A long time ago in a land far away, there was a young nobleman who… well you get the point. I’ve recently been struggling with trying to think of ways to get more and more interaction and “buy in” for our respective client base. To be honest with you, it’s been both an enlightening and frustrating experience. As a marketer, I care deeply about the quality of the suggestions I provide to clients and furthermore the success of those suggestions. With this in mind, I recognized that it’s possible to make me happy with results but never complacent…there’s always more opportunity out there but how do I get that opportunity to the clients’ digital doorstep (website)? I decided to do some consideration about how I interact with brands and businesses online to try and figure out how I can help my current and future clients.
I started my journey by considering where I spend most of my digital time. This tends to lean towards Gmail, a few respective blogs (I’ll cover a few below), as well as two main social media platforms (Facebook and Pinterest). Once I nailed down these three areas of consideration I tried to figure out why I devote my time to these categories. Let’s look at the breakdown below.
I use this to deal with personal email but I also greatly enjoy getting updates from the various blogs/newsletters that I subscribe; some of these are Think with Google, theSkimm and Huckberry.
Why? Looking at these examples I noticed that they all provide me with valuable information, which I appreciate, but they also do a good job of entertaining while informing, which they do through telling a story.
Oddly, I use two social media platforms frequently that may surprise some folks: Facebook and Pinterest.
Why? I mainly use Facebook as a way to kill time, wish the occasional birthday and get a sense of what’s going on in my social circles. For Pinterest, it’s slightly different. I definitely use this platform to kill time, but with a purpose. I’m looking for things that captivate me whether that be a new woodworking project idea, images of 60’s era Mustangs or camping/outdoor destinations.
What Do They Have in Common?
Much of their value is based on telling me a story (some with or without words), and the value is increased if I can insert myself into the story. I realized that in my mind there is a desire to be something more or completely different than the way I view myself in the real world. This could range from being a better husband to being more financially responsible (or less depending on your value of an old rusty car purchase) or even simply being more “outdoorsy.” Whatever the case may be, the easier it is for me to build myself into a story that you’re telling me, the more likely I am to become intrigued by your business or brand and ultimately become a potential customer.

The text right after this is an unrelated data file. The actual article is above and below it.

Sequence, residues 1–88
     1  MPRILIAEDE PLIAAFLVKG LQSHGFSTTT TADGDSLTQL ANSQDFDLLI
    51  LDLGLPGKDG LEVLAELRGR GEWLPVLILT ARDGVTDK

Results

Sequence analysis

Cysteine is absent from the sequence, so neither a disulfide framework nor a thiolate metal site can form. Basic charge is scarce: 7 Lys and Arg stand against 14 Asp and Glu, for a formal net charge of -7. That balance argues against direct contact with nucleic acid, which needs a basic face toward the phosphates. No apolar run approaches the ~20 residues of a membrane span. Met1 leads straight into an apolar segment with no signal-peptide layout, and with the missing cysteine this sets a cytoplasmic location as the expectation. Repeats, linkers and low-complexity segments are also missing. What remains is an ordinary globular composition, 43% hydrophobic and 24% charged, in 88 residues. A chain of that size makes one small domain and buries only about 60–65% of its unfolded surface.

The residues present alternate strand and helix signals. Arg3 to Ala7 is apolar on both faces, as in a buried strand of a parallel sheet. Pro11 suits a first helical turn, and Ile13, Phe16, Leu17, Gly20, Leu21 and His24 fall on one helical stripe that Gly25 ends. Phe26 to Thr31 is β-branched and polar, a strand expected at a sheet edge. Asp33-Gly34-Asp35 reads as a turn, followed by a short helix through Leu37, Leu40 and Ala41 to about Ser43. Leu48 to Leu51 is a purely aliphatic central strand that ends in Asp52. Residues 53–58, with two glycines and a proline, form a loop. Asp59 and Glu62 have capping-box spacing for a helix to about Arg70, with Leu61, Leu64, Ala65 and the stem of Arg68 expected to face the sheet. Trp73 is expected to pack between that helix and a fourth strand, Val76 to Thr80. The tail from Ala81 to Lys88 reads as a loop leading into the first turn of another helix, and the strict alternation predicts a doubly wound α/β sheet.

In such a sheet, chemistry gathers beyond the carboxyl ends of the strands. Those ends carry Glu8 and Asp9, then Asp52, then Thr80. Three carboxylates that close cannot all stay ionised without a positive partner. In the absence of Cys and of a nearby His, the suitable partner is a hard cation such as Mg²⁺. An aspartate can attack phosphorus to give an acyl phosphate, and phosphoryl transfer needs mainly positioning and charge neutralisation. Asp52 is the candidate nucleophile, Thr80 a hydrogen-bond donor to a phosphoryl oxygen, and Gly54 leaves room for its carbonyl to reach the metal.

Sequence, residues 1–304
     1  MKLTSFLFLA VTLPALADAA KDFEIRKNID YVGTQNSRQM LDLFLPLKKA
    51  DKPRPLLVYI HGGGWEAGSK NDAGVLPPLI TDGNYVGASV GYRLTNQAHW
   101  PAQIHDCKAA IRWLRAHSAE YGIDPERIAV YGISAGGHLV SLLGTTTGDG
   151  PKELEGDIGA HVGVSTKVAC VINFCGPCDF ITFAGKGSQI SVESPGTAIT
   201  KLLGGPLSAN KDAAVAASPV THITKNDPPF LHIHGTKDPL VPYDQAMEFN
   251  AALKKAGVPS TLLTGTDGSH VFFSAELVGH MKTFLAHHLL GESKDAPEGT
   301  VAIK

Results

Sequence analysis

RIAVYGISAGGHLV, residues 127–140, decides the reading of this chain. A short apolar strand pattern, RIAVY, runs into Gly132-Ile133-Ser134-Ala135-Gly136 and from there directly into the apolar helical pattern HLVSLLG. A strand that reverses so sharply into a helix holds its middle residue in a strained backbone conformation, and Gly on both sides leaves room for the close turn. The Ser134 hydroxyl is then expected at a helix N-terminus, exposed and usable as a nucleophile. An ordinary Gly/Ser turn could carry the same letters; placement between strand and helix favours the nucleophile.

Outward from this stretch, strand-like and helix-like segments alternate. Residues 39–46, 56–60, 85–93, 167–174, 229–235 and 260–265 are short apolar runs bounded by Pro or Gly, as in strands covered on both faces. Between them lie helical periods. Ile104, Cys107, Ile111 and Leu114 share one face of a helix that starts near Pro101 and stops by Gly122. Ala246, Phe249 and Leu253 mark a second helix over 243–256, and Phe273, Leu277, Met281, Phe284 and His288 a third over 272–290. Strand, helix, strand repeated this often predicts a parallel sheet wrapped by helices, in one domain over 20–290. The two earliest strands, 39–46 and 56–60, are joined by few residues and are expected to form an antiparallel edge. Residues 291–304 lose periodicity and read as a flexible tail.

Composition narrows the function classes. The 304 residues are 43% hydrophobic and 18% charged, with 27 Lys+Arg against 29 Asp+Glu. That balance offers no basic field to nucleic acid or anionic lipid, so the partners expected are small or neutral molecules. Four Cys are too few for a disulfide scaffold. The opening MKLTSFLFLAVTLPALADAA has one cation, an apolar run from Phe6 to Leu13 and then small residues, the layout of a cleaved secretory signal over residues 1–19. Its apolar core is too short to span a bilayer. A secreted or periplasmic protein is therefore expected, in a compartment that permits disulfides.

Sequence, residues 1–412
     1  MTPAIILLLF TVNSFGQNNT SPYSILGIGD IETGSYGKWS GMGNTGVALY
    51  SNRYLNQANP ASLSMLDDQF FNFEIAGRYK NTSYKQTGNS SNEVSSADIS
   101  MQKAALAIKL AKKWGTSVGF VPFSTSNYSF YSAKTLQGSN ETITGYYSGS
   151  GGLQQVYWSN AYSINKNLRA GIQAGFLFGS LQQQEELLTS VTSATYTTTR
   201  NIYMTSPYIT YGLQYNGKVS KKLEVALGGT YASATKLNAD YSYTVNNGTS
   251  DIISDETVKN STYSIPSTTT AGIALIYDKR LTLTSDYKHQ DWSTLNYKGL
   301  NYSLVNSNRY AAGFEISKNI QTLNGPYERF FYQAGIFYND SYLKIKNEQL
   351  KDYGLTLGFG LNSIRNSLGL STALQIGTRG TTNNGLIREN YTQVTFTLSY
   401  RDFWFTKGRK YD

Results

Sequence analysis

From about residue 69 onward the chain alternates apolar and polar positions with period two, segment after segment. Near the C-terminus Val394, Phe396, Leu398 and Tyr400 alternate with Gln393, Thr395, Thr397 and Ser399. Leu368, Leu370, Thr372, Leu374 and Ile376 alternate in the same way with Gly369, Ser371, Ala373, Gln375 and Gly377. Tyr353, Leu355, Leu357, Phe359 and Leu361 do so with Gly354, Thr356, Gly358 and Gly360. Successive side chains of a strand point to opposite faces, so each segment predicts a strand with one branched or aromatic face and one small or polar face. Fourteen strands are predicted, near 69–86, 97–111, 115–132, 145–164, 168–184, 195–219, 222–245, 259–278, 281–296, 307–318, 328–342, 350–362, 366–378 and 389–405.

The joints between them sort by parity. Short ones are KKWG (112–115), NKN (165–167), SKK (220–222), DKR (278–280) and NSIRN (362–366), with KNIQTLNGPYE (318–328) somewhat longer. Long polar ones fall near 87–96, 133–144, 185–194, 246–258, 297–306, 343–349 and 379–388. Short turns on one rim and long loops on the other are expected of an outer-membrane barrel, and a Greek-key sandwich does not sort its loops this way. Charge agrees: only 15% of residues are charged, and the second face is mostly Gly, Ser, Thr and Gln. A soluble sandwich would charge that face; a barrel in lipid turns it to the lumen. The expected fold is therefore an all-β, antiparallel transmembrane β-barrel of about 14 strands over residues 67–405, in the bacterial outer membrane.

So how does this work with marketing? Simple consider the website content, the copy content, any images or text and ask yourself…is this engaging? Can your readers put themselves in the shoes (or the shirt or the car) of the story? And does that trigger some sort of emotional response and/or desire?
So where do you start? Start by considering what interests your reader base. Let’s say you sell one of the lines of “hardcore” built coolers. There’s nothing wrong with having the stats of those coolers but what about the purpose of those coolers? Are you going tailgating for an extended period of time, camping in the wilderness for a week straight or do you live in an area where electricity isn’t yet a thing (or at least know of someone using your product where this is the case)? Fantastic! Write about it and how your product helps the participants and as a reminder, visuals never hurt anyone!